Two millimeters below the surface of a cadaver’s cold skin, a number 12 surgical blade incises smoothly. Reflection of dermis reveals subcutaneous fat, sunflower yellow and overwhelmingly abundant. As the dissector’s eyes strategically scan the internal elements, a thread-like structure is found embedded within the cadaveric tissue. Frequently damaged by rookie gross anatomy students, the lateral sural cutaneous nerve is identified and isolated. A meticulous hand, acute visual sense, and a great deal of knowledge are necessary for an anatomical prosector to excel at this rare form of art.

While obtaining my first doctorate, I filled the role of senior prosector in the anatomy lab, a task typically reserved for elite anatomists, which created a powerful self-realization and redirected my life’s objective.  My purpose gradually presented itself while investing copious amounts of hours into thinking, studying, and working with cadavers. An innate artistic ability not only allows me to captivate detail but also to refine the hand motor skills necessary to execute meticulous dissections of human specimens.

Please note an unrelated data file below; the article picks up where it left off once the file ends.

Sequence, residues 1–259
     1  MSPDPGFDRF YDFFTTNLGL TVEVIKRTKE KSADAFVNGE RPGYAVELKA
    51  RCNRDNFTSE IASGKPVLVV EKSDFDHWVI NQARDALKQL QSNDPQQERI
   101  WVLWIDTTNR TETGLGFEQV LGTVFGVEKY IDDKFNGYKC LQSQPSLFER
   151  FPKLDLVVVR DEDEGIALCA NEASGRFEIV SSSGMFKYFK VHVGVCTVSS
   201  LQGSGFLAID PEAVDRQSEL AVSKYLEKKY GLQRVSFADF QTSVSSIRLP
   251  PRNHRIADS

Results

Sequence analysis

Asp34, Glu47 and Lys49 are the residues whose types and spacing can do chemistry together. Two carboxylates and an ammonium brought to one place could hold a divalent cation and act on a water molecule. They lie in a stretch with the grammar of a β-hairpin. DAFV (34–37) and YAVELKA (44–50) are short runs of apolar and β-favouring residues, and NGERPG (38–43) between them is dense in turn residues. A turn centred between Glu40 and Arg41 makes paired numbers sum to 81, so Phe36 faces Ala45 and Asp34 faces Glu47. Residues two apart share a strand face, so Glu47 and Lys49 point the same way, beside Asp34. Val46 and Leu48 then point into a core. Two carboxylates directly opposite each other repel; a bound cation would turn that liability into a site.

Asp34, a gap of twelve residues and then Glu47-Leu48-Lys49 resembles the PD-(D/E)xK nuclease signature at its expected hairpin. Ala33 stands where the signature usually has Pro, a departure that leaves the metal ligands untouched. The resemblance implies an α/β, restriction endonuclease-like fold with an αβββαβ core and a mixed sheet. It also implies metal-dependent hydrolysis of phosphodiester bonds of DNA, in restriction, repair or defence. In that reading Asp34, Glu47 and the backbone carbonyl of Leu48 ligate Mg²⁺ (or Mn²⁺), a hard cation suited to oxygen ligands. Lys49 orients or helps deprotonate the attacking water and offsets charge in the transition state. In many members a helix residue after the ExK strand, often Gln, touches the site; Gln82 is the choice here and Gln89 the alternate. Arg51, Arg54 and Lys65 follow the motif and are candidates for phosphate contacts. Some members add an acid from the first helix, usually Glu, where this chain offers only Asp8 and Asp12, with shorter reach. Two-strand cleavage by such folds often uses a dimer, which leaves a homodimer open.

I aspire to produce work that will outlive me and live by the statement of Ben Franklin, "Either write something worth reading or do something worth writing." Trained in science, I objectify uncertainty from a logical perspective. My artistic side allows me to reveal answers to scientific questions from an imaginative angle. With these character traits, I am able to weave the web of the scientific literature.  

By fearing what we are inside, there is little hope in accepting anything beyond ourselves. While I am receptive to the aesthetic beauty that is available to everyone, I also attempt to reveal a greater beauty by understanding the wondrous design beneath the skin of the noble men and women who have donated their bodies to science.

-Dr. Frank Scali has dissected human specimens over the course of his medical education for prosection demonstration, research purposes, Gray's Anatomy, and other scientific publications.